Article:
TODAY |

Young science champion starts charity to close digital divide for Pasifika

Eteroa Lafaele was the winner of the Prime Minister’s Pacific Youth Science (STEM) Award, but says she can’t be a technology advocate for Pasifika if her own people don’t have devices.

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A charitable initiative is delivering laptops to kids in need. Source: 1 NEWS

So she started her own charitable initiative to bridge the digital divide and distribute laptops.

“We have 700 students to try and cover, the goal is 700 but the end goal is to try and cover that digital divide,” says Eteroa.

“The need is big, if that’s what its like in South Auckland imagine what its like in the motu.

“We have stories where families that have six in their family and they only have one device, and usually that one device is their mum or dad’s device and they have to do school after school-hours because their parents have to do their nine to five and then from five to probably 10 at night they have to do school.

“Sometimes we find out that these kids are actually essential workers so they can’t do school but they don’t have a device when they come back from work so they have to do the mahi at home with pretty much hard packs but it’s not enough for them to get through especially those in NCEA.

“Some of the families we give our devices to are those that are in emergency homes and if a family had to choose either $400 or $500 for rent or for a laptop they would choose rent,” she told 1News.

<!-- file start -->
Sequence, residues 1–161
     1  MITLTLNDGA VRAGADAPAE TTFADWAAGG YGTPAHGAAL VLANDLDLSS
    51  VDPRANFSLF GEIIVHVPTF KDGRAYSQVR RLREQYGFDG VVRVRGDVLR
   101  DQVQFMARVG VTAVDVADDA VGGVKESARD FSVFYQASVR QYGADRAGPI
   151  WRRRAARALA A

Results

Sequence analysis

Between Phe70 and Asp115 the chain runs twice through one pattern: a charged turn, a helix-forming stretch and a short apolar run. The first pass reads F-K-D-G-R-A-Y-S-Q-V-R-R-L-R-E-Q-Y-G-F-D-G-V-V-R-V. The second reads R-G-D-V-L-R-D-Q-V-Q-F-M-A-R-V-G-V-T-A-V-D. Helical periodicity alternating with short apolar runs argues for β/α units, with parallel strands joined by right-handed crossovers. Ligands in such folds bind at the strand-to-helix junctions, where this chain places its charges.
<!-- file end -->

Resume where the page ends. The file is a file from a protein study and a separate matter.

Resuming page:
Stories like this is the reason why Eteroa started her initiative called Digitautua, tautua meaning ‘service’ in Samoan.

“We have a givealittle page that we’re fundraising to give to these 700 kids, but also we’re attuned into the tech industry we have many tech companies that are donating laptops, so we’re getting these laptops from these corporates, refurbishing them and giving them to our community to use,” says Eteroa.

Digitautua is currently just a two person team and so far over the last week they’ve distributed over 45 laptops to kids in need.

Eteroa says the main reason for this digital divide comes down to poverty.

"Some of our families don’t even have power, or let alone internet, so we have stories where we have to go and recharge laptops for three hours and come back."

And while schools are providing laptops, Eteroa says there’s a backlog.

“We have schools in South Auckland that ordered 300 laptops in February, but they only received 50 and this is the second lockdown and they haven’t received anything,” she says.

She would love to take her initiative down to her home town in Porirua and across the country, and says the “divide isn’t just here in Auckland but everywhere in Aotearoa".